Oil Rallies As Vaccines Emerge

The oil market was in doldrums since March 2020 with the Covid 19 pandemic causing havoc across the globe. After an appreciable 2019, prices nosedived to reach a mindboggling $6.54 per barrel at the peak of the pandemic as nations announced lockdowns with rise in cases. With the passage of time, people were wary of the developing vaccines but once the announcements were out, the markets breathed a huge sigh of relief. The oil markets response to the news of two potentially highly effective Covid 19 vaccines was reflective of the market’s need for a solution. Crude oil rebounded to $46.23 per barrel on November 25, the highest since April 2020.

With the escalation in cases especially in the US and the European economies, traders were expecting a lukewarm price response from the short-term futures contract as against a robust rally from the long-term futures contract. However, the markets rallied for the next few months delivery contracts much higher than those to be delivered in the next few years. The emergence of the vaccines has prompted the usage to be extremely limited as it will be widely unavailable for several months.

In the US and European nations, economies are yet to be operating at pre-pandemic levels. In recent figures, the UK economy was down by 8% (year-on-year) at the end of the third quarter while the Japanese, European and US economies had declined by 3-4% (year-on-year). Although further lockdowns have been announced in Europe and certain US states, the measures are less stringent than earlier ones.

The economy of China has performed better. The GDP growth in the third quarter has returned to 4.9% and industrial activity has advanced to 8-9% in the past few months. Moreover, the fourth quarter growth appears to be quite healthy in the world’s second-largest economy. However, the other emerging economies seem to be still suffering from the pandemic. India and Russia continue to derail their economic numbers and the cases across South America remain significantly higher.

Accounting for about 10% of crude oil consumption, the global airline industry remains in dire straits. According to Transportation Security Administration, air travel remains 63% lower than a year ago in the week ending November 17.

The inventory levels for crude oil and other refined products were declining but remained afloat compared to recent years with the exception of gasoline. On the supply front, OPEC + Russia along with US producers have collaborated exceptionally well in regulating their production in tune with the level of demand.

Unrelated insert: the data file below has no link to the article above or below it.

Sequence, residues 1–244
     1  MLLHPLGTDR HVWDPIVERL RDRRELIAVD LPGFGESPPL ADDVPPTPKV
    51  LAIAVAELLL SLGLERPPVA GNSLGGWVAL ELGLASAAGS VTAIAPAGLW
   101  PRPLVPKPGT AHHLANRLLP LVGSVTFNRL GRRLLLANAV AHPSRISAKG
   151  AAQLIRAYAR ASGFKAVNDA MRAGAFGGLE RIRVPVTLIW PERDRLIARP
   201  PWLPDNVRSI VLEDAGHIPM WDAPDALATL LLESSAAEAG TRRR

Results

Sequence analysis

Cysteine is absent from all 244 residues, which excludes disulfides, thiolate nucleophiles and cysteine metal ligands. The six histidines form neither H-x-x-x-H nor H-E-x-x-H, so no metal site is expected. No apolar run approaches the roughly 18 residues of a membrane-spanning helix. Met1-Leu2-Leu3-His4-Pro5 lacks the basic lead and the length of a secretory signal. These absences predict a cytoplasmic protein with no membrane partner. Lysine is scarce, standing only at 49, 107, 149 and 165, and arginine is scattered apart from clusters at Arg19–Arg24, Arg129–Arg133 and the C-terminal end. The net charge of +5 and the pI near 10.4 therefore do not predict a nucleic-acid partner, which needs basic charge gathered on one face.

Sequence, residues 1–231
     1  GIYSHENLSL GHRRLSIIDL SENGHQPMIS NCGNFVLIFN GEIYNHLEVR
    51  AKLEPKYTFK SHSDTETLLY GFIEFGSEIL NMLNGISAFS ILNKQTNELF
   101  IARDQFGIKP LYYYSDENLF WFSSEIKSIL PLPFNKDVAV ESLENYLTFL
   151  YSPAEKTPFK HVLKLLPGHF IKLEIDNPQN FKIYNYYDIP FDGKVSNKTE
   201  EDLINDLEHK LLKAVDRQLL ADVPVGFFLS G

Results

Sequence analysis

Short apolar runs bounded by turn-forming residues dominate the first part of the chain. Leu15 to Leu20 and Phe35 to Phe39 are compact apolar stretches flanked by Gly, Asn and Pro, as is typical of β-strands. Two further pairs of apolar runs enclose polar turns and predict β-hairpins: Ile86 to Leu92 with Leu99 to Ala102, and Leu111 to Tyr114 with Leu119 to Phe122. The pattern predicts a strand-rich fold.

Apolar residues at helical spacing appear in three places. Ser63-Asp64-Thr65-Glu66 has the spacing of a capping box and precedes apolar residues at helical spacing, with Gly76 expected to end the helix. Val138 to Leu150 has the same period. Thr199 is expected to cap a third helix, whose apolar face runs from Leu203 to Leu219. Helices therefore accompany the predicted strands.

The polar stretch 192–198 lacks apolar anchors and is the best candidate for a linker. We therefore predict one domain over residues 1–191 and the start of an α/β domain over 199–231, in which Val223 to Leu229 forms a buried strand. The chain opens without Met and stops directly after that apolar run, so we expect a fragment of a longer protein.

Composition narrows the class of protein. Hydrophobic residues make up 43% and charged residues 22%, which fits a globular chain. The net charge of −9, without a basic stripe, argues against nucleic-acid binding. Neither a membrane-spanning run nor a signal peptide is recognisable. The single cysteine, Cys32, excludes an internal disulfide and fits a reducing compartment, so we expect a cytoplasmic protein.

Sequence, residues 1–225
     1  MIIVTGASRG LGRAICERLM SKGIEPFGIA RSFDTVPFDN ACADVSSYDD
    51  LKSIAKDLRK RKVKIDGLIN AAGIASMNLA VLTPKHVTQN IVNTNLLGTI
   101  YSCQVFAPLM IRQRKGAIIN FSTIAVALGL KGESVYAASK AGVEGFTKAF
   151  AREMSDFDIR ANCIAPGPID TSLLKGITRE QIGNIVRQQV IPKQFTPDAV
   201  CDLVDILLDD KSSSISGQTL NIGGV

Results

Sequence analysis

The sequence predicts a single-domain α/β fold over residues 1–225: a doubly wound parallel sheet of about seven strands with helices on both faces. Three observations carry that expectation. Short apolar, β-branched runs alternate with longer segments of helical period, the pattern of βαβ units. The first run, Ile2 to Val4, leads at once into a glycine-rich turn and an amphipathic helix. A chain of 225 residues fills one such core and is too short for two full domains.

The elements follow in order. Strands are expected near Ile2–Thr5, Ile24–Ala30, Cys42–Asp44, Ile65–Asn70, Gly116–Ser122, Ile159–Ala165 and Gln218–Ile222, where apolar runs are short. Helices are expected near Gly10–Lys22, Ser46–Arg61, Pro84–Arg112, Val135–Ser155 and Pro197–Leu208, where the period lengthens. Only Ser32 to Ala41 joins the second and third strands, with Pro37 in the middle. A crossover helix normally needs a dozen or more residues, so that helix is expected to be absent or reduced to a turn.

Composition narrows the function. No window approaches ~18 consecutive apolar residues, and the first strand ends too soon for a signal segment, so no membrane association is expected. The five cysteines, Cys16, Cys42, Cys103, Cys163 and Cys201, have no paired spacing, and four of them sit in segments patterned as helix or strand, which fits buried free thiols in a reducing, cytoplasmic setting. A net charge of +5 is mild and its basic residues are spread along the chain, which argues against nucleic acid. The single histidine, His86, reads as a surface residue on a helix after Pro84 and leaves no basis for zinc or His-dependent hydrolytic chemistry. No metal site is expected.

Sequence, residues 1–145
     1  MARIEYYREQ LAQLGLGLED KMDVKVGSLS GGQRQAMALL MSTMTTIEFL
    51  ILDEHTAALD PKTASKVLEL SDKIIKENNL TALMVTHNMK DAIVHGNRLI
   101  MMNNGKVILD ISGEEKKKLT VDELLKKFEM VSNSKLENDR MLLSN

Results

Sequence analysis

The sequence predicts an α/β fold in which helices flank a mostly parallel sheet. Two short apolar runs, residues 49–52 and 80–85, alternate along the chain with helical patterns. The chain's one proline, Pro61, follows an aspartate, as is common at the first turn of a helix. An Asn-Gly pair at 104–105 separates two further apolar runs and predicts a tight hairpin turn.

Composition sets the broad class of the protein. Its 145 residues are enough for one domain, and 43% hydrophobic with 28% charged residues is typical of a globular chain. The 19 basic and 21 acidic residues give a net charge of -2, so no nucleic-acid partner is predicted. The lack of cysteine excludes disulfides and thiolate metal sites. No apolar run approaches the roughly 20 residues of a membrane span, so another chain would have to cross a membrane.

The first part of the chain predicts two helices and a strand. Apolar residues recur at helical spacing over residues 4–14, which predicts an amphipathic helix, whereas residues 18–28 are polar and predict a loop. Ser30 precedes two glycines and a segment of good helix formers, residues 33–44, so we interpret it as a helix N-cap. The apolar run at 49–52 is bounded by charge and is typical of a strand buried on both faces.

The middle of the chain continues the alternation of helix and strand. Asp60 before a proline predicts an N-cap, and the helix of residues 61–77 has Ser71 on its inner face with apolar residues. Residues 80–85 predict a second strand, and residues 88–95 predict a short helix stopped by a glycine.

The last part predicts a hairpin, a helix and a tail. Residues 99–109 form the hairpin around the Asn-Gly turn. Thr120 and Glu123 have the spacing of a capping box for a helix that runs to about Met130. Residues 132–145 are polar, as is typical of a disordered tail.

As the world reopened from the lockdowns during the summer months, coming together became relatively easier for global leaders in the oil markets. However, as the Northern Hemisphere heads towards winter, oil demand has become more variable than the last few years.

When the oil prices crashed in early 2014 till late 2015, OPEC + Russia maintained production proportions for about two years thereafter before the competition for the market share diluted the agreement near the end of 2018. Likewise, after the crash in oil prices during the initial part of the year coupled with continued conundrum state of the global economy, the major players of the oil markets can be expected to continue cooperating to keep a lid on the production well into 2021 and beyond.

Once they are widely adopted in 2021, the vaccines could drive demand for travel among others. The resurgence could trigger a rapid recovery in oil demand. In a likely scenario, the inventories could fall further from its current levels. One of the questions is whether oil prices are exposed to the risks this winter or not? Also, will there be any upside risks later in the upcoming year given that travel could recover more quickly than oil production? The answers to these questions lie to some extent on the economic stimulus by major economies.

Without any fiscal support from the US, EU and other economies around the world, the picture is not clear if the revival of consumer demand for travel and other products and services will invariably be enough to generate a strong economic recovery. The answer lies in 2021 and we as traders and financial market enthusiasts will be looking forward to it.

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Vivek Risal

Vivek Risal is associated with Mercantile Exchange Nepal Limited in the capacity of Manager in Research and Development Department. He can be contacted at r&[email protected]

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